Tired of eating ordinary, everyday foods? While they may not tempt your taste buds, don't be too quick to toss them aside. Some of the most boring food choices contain powerful nutrients that offer big benefits to health, including disease prevention. Not only that, boring foods can be a budget-friendly way to keep your body looking and feeling its best. Plus, there's plenty you can do to flavor up everyday foods and turn them from ordinary to extraordinary. Here are ten you can count on to prevent disease, boost your well-being, and make boring something you embrace daily.
Think a plain banana is just plain uninteresting? Actually, this long-time staple has a nutritional profile that rivals some of the most exotic fruits. Not only are bananas a good source of immunity-boosting potassium and vitamin C; they contain a potent prebiotic compound called fructooligosaccharide, which helps keep the digestive tract healthy and free of disease. For a tasty twist on the ordinary banana, try it baked or grilled and sprinkled with your favorite topping.
Broccoli gets a bad rap for being boring and unappealing, but it boasts a host of disease preventative nutrients that make it worthy of a second look; from vitamins C and K to folate to sulforaphane, an anti-inflammatory and cancer fighter. Munching on broccoli can also improve bone, heart, eye, and digestive health. To get the most flavor and nutritional bang out of broccoli, eat it steamed, sautéed, or stir-fried with zesty herbs and spices.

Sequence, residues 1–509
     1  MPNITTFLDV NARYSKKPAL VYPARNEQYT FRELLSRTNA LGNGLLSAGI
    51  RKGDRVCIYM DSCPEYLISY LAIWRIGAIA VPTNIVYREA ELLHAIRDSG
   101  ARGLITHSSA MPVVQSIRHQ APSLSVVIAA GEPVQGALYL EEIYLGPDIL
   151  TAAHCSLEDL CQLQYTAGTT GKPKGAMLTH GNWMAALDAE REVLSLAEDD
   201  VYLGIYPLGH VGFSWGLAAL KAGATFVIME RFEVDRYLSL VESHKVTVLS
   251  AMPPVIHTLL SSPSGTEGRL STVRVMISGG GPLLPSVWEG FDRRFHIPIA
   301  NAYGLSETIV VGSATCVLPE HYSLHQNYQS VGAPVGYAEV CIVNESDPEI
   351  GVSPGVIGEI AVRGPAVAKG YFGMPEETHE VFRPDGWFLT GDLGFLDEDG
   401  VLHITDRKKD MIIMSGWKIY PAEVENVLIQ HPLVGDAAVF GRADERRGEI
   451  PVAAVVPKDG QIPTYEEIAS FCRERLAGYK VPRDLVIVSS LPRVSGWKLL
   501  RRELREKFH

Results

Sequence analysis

Move over shitakes and porcinis, the ordinary white button mushroom has plenty to tout when it comes to nutrition. In fact, white mushrooms can be the ideal choice since they provide disease-fighting properties at a lower price than the fancier mushroom varieties. White mushrooms contain high levels of antioxidants and vitamin D, known to inhibit cancer cell growth. Microwave mushrooms to preserve the most nutrients, then toss with olive oil or soy sauce and your favorite seasonings.
Eating chicken can get old, but it never loses its power to prevent disease. A lean, low-fat protein, chicken packs a punch with phosphorous to detoxify the liver and kidneys and niacin, which guards against DNA damage. For variety, switch to dark meat--it has more nutrients than white meat and the addition of taurine, a powerhouse compound known to fend off heart disease. If possible, choose organic chicken that's pasture-raised on local farms.
Sipping on broth isn't just something to do on a cold, raining day, especially given all the disease-fighting benefits it provides when consumed regularly. Try bone broth, a nutrient-dense broth that boosts immunity, protects joints from damage and disease, and heals stomach ailments. You can purchase bone broth at most grocery stores or prepare it yourself using a combination of beef, fish, or poultry bones and nutrient-rich veggies.